Rip-Mix-Burn-Share

Previously I wrote about five forces or broad trends that we are facing as children’s and family ministry leaders (the rise of the individual, connectivity, Twitter Speed, Rip-Mix-Burn-Share, and Motion Blur).  Today’s blog deals with the fourth force. From the original article: Rip, Burn, Mix, Share:  The iTunes mantra has become the new normal for content.  Television shows or news programs get live video responses then mashed up, auto-tuned, and delivered to YouTube.  Did you know that Google recently changed its copyright enforcement largely because of a YouTube video of a wedding party dance that turned a song into Sony’s 8th best seller in history?  Tutorials for professional software are distributed with the original files so that users can think up new ways of creating content, all for free. Kids are used to creating their own content.  One of my favorite weekends of the year is the weekend after Christmas because I love finding out what kids get for Christmas compared with what they asked for.  In 2009, a laptop and cellphone was a popular gift.  The Nintendo DSi was probably the most popular “big gift.”  Wii games were far more common than XBox or PS3 games.  What’s the common thread here? •    Digital tools •    Mostly portable •    Customizable: phones have apps, games have avatars, electronics have preferences) •    Little to no text involved (more on that below) •    Content-creation: Most of these gifts carry the ability to create, draw, paint, write, record, and distribute content. •    Web: these tools mostly connect to the Internet either wirelessly or through a computer connection so that content can be shared...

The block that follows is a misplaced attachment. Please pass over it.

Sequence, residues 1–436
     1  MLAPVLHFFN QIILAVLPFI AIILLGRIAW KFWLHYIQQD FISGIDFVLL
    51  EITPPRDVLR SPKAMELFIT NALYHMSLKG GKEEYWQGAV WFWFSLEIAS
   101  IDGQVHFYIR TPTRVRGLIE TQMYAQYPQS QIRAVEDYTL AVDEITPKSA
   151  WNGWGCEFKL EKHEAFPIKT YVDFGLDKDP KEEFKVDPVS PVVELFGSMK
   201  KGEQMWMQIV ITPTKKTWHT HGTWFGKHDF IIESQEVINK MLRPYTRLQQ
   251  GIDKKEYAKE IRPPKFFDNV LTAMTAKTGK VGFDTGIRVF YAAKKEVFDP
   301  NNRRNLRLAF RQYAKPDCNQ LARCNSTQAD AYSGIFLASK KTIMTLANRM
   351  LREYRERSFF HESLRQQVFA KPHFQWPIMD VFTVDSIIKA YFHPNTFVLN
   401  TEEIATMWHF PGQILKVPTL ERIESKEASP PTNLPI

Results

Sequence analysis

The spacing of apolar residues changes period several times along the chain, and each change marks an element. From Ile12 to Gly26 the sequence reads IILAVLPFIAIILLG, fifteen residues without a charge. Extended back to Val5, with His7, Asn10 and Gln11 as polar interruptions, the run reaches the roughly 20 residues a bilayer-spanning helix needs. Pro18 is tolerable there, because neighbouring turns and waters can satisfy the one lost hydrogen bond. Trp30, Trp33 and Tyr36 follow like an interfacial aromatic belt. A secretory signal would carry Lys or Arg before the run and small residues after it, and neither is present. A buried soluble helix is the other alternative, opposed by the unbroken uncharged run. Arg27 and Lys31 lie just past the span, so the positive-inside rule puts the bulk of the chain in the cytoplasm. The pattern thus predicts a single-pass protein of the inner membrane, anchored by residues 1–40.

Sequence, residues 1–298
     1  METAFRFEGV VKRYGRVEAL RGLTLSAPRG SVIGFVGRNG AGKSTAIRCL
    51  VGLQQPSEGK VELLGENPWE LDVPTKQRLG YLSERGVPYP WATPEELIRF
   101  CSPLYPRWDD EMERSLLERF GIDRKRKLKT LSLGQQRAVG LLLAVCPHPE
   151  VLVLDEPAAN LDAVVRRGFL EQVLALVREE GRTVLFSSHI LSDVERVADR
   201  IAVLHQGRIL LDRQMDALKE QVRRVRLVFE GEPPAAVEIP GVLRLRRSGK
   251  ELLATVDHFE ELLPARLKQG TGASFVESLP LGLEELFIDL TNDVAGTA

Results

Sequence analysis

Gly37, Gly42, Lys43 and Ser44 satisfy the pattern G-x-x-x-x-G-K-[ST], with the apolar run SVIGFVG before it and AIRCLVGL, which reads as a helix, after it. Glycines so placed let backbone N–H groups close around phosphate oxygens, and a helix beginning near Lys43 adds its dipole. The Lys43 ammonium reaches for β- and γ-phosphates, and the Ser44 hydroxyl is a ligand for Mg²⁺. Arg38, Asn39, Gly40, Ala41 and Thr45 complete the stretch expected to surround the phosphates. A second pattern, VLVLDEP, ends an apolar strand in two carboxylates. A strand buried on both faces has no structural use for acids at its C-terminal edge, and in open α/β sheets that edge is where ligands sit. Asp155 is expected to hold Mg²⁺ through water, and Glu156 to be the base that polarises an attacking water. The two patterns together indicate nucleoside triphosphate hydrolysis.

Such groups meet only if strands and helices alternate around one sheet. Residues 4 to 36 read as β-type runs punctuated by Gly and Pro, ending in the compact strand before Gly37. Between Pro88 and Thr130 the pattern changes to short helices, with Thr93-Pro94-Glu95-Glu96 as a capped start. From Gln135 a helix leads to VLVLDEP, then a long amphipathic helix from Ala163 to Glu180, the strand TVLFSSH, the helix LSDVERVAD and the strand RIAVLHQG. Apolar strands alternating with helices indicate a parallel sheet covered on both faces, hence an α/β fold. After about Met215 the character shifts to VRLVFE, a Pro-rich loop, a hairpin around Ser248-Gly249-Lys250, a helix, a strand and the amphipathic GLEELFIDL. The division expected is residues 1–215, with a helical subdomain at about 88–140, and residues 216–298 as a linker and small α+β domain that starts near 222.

Idea of the Day: Kindness Class

Online classes are becoming more and more common – not just for adults seeking flexible degree programs, but for children.  I came across a great article in the Seattle Times about an online class for kids about kindness.  Here’s what Dan Pink had to say about the kindness class: Andy Smallman, head of the Puget Sound Community School in Seattle, has come up with a social innovation that’s ingenious, inspiring, and infectious. He calls it “kindness class.” Each week students in the online course get an assignment. In week one, they do something kind for themselves. In week two, they do something kind for someone they love. And so on. Along the way, participants do something kind for a neighbor, provide something wonderful for someone to find, let everyone go ahead of them for a week, and do something kind anonymously. For more information, check out the site and this Seattle Times article. In a world where people are seeking purpose and connection, kindness classes could be an idea whose time has arrived. This class is the idea of the week, so I’m going to spend 30-60 minutes this week brainstorming how it could relate to children’s and family ministry.  Here’s what I have so far: •    This class integrates technology with values •    It connects students via emailed assignments •    It breaks down a value into actionable steps •    It explains each step in the simplest of terms – no one is confused after reading the assignment •    The steps are not intuitive and would take work to accomplish •    Each step includes a quote In terms of...

Twitter Speed